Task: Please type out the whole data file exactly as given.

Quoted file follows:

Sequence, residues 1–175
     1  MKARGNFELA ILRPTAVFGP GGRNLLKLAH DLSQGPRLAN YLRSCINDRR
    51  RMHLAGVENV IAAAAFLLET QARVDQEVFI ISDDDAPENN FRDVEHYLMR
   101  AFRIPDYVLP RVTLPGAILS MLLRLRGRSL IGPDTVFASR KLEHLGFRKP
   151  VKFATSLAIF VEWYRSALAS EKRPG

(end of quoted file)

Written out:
Sequence, residues 1–175
     1  MKARGNFELA ILRPTAVFGP GGRNLLKLAH DLSQGPRLAN YLRSCINDRR
    51  RMHLAGVENV IAAAAFLLET QARVDQEVFI ISDDDAPENN FRDVEHYLMR
   101  AFRIPDYVLP RVTLPGAILS MLLRLRGRSL IGPDTVFASR KLEHLGFRKP
   151  VKFATSLAIF VEWYRSALAS EKRPG